The garden throughout the history and tradition of Western Civilization has served as a pivotal location for change — the Garden of Eden, the Garden of Gethsemane, the monastic gardens leading into the Renaissance. If indeed, the garden does play a vital role in the `grand scheme of things’, then horticulturists, as keepers of the garden, need to begin to try to understand the meaning of the garden to people.
Ornamental and landscape horticulture is the maintenance and design of home grounds, public gardens and parks, private estates, botanical gardens, and recreational areas such as golf courses, football fields, and baseball diamonds
Environmental horticulture referred to as ornamental horticulture is the study of horticulture for aesthetics, improvement of quality of life and our environment, and for functional uses, such as energy conservation, pollution amelioration, oxygen production and security
In Nigeria, horticulture has not been formally recognized or promoted as a feasible means of improving urban green space, aesthetics or of increasing employment opportunities of urban agriculturalists. The neglect of environmental beautification planning across the nation, lack of public awareness on environmental management which, many of the ornamental plants have an inherent ability to handle has resulted in continuous environmental degradation which could be attributed to population pressure resulting in disharmony between human activities and the environment. This paper therefore seeks to review the use of ornamental plants in environmental aesthetics and management of the landscape.
The review was a general narrative review type which was based on selected, specific and related studies to the review topic ;Significant role of horticulture in environmental aesthetics and management, and are compared and summarized on the basis of the experience, existing views, existing theories and ideology. Results are based on a qualitative rather than a quantitative level.
2.1 Method of review
The issue review method was used in this studied by investigating the significant role of horticulture in environmental aesthetics and management in terms of its environmental benefits, social advantages and human health and also determining its present status in Nigeria as case study, as there fewer detailed reviews on the untapped benefits of horticulture in Nigeria.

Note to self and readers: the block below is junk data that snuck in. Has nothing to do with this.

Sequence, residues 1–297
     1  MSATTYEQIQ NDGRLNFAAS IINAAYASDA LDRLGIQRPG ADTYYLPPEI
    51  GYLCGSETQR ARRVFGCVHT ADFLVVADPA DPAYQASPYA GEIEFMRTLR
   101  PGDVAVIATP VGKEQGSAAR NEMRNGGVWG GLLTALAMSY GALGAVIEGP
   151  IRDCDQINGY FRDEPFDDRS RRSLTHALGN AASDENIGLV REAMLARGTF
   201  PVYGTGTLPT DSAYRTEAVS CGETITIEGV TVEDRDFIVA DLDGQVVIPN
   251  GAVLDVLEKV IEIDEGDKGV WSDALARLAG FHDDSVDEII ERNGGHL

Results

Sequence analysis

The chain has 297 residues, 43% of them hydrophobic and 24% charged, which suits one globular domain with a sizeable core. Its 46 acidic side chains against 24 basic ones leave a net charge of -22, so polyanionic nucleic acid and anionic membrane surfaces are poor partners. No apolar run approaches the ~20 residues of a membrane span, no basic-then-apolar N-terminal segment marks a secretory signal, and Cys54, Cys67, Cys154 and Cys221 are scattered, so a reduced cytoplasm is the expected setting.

2.2 How it was conducted
The steps and stages involved in the preparation of this review involves the following
The descriptive type of abstract was used in writing the abstract.
The introduction was written based on the subject background i.e. the general topic, issue, area of concern was also given to illustrate the context i.e. the significant roles of horticulture in Nigeria and its potentials in environmental and economic development. The Problems were also highlighted i.e. Trends, new perspectives, gaps, contrary ideas. Then the justification which gave reason for reviewing the literature and the approach were described.
Full preparation of article was done through narrowing of the topic; defining a few research questions like: what is horticulture?, what is aesthetic and environmental management?, what relationship does horticulture has with environment and aesthetic?, and what role does horticulture plays in the environment.
The search for literature sources was done using specific key words, the topic and research questions during the search read.
Evaluation, classification and extraction of related information based on the focus study was made and notes were formed.
A chronological outline structure was developed and headings for the sections in the text body was made find headings for the sections in the text body.
The planning of the content of the paragraphs was made in the sections.
The final drafting of the abstract, introduction, results sections, conclusion, and references were made.